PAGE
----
Before Lucille Ball became a household fixture on many television screens, she worked her way up in Hollywood. Before she got her breakthrough role appearing as Lucy Ricardo on “I Love Lucy,” she appeared in two films nominated for “Best Picture”: Top Hat and Stage Door in the 1930s.
During the 1930s, Ball transitioned from performing on-stage to performing in front of a camera. In the 1935 film, Top Hat, she appeared with Fred Astaire and Ginger Rogers as the flower girl. While it was a minor role for Ball, the Academy Awards nominated the film for “Best Picture.” It was also nominated for “Best Art Direction,” “Best Original Song,” and “Dance Direction.”
In 1990, the Library of Congress selected the film for preservation in the United States National Film Registry, calling it “culturally, historically, or aesthetically significant.” It also ranked number 15 on the 2006 American Film Institute’s list of best musicals in addition to its nominations.
In 1937, Ball appeared alongside Katherine Hepburn as an aspiring actress named Judy Canfield in Stage Door. Like Top Hat, the film was also a critical success. The 10th Academy Awards nominated Stage Door for “Best Production,” “Best Director,” “Best Supporting Actress,” and “Best Screenplay.”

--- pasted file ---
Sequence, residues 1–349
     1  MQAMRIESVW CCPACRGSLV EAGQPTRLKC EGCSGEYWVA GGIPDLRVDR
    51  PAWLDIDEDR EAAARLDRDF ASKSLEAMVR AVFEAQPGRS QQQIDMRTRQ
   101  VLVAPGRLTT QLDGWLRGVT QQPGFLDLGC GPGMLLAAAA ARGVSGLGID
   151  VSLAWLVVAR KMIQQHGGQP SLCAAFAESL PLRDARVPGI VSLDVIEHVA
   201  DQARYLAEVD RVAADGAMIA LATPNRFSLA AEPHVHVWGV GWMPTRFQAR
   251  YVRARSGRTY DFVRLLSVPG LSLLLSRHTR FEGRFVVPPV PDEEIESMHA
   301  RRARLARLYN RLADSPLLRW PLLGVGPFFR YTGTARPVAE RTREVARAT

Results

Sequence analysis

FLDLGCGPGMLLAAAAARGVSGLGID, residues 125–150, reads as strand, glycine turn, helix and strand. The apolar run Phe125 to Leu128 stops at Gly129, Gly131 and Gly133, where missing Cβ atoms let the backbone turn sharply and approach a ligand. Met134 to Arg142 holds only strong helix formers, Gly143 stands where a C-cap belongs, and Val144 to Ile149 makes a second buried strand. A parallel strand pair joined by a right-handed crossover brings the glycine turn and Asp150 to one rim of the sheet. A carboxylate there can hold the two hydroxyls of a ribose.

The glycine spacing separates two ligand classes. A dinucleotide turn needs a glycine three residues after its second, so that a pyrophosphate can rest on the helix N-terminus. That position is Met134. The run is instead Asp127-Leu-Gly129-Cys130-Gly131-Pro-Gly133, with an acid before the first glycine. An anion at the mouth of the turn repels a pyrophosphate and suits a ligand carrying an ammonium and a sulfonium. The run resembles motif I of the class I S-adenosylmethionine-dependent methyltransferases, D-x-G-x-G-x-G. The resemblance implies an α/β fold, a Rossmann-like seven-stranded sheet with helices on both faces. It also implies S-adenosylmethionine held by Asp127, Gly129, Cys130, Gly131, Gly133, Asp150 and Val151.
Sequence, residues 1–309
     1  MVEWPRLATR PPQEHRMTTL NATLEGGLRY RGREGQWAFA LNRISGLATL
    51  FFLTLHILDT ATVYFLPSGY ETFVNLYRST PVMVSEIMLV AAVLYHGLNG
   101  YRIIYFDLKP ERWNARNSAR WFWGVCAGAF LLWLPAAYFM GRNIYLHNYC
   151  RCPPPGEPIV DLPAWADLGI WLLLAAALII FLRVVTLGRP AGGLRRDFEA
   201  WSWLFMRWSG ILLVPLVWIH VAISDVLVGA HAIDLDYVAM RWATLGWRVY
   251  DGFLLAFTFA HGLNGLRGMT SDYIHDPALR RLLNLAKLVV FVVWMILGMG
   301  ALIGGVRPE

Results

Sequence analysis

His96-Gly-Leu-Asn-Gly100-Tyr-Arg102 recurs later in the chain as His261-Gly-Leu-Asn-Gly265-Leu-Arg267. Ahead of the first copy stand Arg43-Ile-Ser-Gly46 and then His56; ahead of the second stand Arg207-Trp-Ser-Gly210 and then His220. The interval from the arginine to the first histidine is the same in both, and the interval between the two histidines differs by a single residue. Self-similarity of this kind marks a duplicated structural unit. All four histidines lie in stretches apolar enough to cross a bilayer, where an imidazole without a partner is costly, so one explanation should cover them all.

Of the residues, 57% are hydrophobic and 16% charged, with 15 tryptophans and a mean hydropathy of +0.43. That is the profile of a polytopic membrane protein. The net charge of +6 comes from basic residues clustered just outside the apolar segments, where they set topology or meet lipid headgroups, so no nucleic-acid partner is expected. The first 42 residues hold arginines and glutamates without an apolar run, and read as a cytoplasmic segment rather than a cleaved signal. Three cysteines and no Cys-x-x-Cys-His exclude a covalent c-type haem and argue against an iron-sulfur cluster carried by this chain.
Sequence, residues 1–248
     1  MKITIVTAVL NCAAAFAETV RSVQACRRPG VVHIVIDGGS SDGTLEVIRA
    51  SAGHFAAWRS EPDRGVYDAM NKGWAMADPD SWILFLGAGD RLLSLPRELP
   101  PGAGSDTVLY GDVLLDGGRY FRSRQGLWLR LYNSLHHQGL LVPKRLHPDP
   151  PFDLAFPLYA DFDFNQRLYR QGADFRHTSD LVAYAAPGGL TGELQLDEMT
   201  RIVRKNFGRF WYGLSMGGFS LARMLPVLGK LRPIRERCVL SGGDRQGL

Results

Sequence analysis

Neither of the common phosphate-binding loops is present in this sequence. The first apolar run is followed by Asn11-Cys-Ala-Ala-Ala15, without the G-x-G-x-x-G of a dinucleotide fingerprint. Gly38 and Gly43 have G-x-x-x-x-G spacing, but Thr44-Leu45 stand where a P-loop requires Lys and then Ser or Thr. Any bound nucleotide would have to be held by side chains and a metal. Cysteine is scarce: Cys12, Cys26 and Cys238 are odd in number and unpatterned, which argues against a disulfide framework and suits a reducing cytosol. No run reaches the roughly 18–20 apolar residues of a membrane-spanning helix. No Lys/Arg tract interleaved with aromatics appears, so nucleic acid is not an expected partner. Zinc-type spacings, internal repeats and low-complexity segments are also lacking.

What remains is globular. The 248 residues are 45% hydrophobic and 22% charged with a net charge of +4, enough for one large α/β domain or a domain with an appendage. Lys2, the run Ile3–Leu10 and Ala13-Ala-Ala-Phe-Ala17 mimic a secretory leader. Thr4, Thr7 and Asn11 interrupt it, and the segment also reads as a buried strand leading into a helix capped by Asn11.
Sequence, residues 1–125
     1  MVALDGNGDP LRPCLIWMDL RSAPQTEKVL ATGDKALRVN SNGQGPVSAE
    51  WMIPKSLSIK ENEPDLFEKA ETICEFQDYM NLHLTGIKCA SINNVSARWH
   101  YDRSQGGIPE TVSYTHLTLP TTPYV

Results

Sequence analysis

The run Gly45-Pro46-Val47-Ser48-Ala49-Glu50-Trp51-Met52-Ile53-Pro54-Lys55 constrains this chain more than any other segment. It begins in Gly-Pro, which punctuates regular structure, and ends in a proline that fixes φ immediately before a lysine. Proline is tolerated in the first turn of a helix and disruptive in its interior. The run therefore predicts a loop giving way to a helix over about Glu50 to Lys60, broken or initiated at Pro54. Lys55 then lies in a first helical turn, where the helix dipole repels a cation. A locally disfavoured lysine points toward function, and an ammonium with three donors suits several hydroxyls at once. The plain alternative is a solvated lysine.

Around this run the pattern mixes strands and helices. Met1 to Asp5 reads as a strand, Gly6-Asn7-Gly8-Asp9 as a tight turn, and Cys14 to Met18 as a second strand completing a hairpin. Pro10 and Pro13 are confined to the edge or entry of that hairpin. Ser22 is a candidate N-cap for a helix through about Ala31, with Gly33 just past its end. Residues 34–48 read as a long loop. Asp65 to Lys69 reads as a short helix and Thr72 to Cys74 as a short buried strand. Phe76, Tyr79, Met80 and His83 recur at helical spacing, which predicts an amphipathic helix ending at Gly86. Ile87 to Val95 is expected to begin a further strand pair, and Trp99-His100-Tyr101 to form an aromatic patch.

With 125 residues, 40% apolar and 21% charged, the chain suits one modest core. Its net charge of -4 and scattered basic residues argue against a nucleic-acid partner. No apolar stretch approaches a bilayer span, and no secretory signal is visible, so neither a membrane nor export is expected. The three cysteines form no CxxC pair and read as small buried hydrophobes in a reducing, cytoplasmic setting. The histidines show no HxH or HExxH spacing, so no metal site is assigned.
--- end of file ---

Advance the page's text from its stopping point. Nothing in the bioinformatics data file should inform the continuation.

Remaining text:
Lucille Ball’s Hard Work Culminates With Emmy Wins
Later in 1977, years after “I Love Lucy” stopped taping, Ball was among the first recipients of the Women in Film Crystal Award. In 1979, the Golden Globe Cecil B. DeMille Association awarded her with their honorary award. She won the Lifetime Achievement Award from the Kennedy Center Honors in 1986. In 1989 she was the recipient of the Governors Award from the Academy of Television Arts & Sciences.
In 1960, she received two stars on the Hollywood Walk of Fame. One at 6436 Hollywood Boulevard for her contributions to motion pictures. The other was located at 6100 Hollywood Boulevard for her contribution to the arts and sciences of television.